FMI036 - Superconductivity and low-temperature physics
| Syllabus adopted 2014-02-18 by Head of Programme (or corresponding)
|Grading: TH - Five, Four, Three, Not passed
|Education cycle: Second-cycle
Major subject: Engineering Physics
Department: 59 - MICROTECHNOLOGY AND NANOSCIENCE
Teaching language: English
Open for exchange students
18 Mar 2015 pm V
17 Apr 2015 am M,
20 Aug 2015 pm V
MPAPP APPLIED PHYSICS, MSC PROGR, Year 1 (elective)
MPNAT NANOTECHNOLOGY, MSC PROGR, Year 1 (compulsory elective)
Professor Per Delsing
In order to be eligible for a second cycle course the applicant needs to fulfil the general and specific entry requirements of the programme that owns the course. (If the second cycle course is owned by a first cycle programme, second cycle entry requirements apply.)
Exemption from the eligibility requirement:
Applicants enrolled in a programme at Chalmers where the course is included in the study programme are exempted from fulfilling these requirements.
Course specific prerequisites
A basic course in quantum mechanics (i.e. FUF040), and a basic course in solid state physics/electronics (i.e. FFY011).
Physical phenomena are
often studied at low temperature, particularly within condensed matter
physics. Coherence effects become dominating. The course contents are
concentrated to a few sub-fields: 1. studies of superconductors (about
half the time), both an understanding of superconductivity starting from
microscopic properties and of macroscopic quantum effects, particularly
the Josephson effects; 2. properties of superfluid helium and
Bose-Einstein condensates, i.e. of macroscopic quantum fluids; 3. low
temperature techniques, i.e. a summary of different cooling methods,
thermal properties of materials, thermometry, etc. The course is
suitable for those that want to continue doing research in Physics.
Learning outcomes (after completion of the course the student should be able to)
Explain the basic properties of both high Tc and low Tc superconductors.
Apply Londons equations to superconductors to explain their electromagnetic properties.
Describe thermodynamic properties of superconductors. With the help of Ginzburg Landau theory describe different lengthscales such as the penetration depth and the coherence length, and explain the differences between type I and type II superconductors.
Account for the basic ideas of the BCS theory, like Cooper-pairing, energy gap and the density of states for excitations.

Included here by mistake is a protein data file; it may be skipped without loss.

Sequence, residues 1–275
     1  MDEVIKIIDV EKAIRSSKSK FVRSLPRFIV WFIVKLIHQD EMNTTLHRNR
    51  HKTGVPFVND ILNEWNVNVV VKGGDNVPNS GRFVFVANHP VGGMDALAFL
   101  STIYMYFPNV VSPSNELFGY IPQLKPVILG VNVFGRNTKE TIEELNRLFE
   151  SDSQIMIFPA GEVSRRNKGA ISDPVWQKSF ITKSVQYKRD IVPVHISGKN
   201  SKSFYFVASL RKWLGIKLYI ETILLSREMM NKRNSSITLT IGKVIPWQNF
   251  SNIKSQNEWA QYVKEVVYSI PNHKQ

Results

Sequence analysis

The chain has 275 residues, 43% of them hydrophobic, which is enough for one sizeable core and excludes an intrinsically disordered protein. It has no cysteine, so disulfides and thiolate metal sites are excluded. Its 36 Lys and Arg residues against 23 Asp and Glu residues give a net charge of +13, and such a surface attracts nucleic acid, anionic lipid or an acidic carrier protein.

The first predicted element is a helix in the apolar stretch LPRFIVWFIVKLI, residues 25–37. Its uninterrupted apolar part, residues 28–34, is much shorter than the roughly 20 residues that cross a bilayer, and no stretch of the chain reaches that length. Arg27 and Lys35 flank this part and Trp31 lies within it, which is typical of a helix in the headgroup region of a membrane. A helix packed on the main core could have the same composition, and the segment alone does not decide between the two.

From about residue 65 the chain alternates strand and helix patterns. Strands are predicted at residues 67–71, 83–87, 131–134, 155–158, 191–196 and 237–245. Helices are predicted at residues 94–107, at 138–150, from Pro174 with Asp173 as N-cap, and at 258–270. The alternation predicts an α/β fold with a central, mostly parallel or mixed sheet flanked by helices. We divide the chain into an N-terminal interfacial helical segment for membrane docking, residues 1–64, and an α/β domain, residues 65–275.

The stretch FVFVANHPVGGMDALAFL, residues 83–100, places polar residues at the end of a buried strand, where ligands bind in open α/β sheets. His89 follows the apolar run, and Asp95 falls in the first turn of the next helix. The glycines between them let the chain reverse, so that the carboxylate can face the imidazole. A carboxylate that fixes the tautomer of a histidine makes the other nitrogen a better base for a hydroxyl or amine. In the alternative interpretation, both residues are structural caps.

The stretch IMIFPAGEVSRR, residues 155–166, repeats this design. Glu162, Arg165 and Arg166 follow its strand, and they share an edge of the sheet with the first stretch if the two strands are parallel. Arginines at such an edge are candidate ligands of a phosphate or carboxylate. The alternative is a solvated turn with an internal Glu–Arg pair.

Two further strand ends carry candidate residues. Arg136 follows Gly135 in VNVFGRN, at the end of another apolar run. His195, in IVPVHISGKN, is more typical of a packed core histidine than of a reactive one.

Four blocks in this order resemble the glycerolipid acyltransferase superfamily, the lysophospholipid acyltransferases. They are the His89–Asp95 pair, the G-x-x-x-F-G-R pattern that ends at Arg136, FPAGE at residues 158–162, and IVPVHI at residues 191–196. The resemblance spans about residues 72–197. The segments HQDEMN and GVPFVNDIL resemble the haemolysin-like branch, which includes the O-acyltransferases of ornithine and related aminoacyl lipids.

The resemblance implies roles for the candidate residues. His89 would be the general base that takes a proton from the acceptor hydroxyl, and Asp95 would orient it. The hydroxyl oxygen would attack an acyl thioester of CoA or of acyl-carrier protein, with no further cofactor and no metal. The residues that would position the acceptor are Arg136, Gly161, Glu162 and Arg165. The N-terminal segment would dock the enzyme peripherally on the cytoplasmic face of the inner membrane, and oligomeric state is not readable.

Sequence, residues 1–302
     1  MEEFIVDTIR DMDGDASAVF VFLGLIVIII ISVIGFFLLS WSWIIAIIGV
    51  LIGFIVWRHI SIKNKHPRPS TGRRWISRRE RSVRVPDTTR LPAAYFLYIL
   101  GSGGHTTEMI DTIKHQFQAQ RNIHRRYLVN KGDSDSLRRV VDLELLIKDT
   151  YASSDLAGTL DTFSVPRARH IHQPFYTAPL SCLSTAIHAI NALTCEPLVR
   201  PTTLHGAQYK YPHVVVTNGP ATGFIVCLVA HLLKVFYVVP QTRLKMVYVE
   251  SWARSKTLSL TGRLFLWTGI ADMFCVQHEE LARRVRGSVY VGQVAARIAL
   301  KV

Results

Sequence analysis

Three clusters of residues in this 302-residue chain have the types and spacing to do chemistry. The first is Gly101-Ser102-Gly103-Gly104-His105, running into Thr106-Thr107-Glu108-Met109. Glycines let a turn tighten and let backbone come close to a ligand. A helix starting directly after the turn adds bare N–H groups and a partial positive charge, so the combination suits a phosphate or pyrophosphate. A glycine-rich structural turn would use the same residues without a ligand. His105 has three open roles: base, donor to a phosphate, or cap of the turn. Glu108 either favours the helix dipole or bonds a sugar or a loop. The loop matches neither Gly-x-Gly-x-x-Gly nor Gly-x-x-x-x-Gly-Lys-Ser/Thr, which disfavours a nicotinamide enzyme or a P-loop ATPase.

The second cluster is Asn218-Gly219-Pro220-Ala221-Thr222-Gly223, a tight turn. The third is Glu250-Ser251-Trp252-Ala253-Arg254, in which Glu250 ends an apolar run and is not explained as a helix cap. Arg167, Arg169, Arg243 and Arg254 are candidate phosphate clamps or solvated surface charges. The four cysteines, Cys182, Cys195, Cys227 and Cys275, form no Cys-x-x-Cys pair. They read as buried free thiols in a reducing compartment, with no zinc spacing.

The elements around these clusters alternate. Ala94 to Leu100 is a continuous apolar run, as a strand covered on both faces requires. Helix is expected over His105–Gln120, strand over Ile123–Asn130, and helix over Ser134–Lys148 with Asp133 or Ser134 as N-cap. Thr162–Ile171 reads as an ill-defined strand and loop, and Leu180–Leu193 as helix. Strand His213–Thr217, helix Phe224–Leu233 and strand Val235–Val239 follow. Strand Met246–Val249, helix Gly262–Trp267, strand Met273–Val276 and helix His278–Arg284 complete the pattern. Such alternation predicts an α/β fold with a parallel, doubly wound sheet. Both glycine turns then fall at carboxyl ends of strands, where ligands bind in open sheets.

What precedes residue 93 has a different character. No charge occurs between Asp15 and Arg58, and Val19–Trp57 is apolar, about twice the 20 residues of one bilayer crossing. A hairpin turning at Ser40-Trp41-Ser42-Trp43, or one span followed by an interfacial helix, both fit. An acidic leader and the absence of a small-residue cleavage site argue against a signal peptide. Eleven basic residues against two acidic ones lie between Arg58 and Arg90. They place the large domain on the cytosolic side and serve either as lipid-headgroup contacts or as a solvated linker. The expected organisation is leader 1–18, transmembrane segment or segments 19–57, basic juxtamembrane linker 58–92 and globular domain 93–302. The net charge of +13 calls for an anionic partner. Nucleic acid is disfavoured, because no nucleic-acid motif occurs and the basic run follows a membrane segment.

Describe the phase diagrams for both helium-3 and helium-4.
Describe how Bose-Einstein condensation comes about.
Describe superfluid phenomena such as, rollin film, the fountain effect and second sound.
Describe different cooling methods which are used both above and below 1 Kelvin.
Explain physical properties of different materials at low temperature.
The course may be considered as an application of courses in quantum physics, solid state physics, electrodynamics and thermodynamics.
The course has three parts:
Basic properties of superconductors, thermodynamics, superconductors in magnetic fields
The London equations, electromagnetic properties, penetration depth
Ginzburg-Landau theory, coherence length, type I and type II superconductors
BCS theory, second quantization, Cooper-pairing, energy gap
Tunneling, Josephson effects and SIS tunneling
High Tc superconductors, structure, d-wave symmetry, phase diagram,
Overview of applications, squids, microwave devices, power applications
Properties of liquid helium-4, the phase diagram, superfluidity
Superfluid phenomena, rollin film, fountain effect, second sound
Exitations and vortecies in superfluids
Properties of liquid helium-3, the phase diagra, superfluidity
Symmetry properties of superfluid helium-3
Themal and electrical properties for different materials at low temperature
Cooling methods above 1K, Joule-Tomphson, Gifford-McMahon, evaporation cooling
Liquefication of helium
Cooling methods below 1K, dilution refrigeration, adiabatic demagnetisation, Pomerantchuck cooling
The course embraces lectures (about 32 hours), two laborations (Josephson effect, and superfluid helium)and home exercises.
J.R. Waldram: Superconductivity of metals and cuprates
(Institute of Physics Publ., Bristol, 1996, pbk)
The course ends with a written exam. There is a laboratory part that must be taken.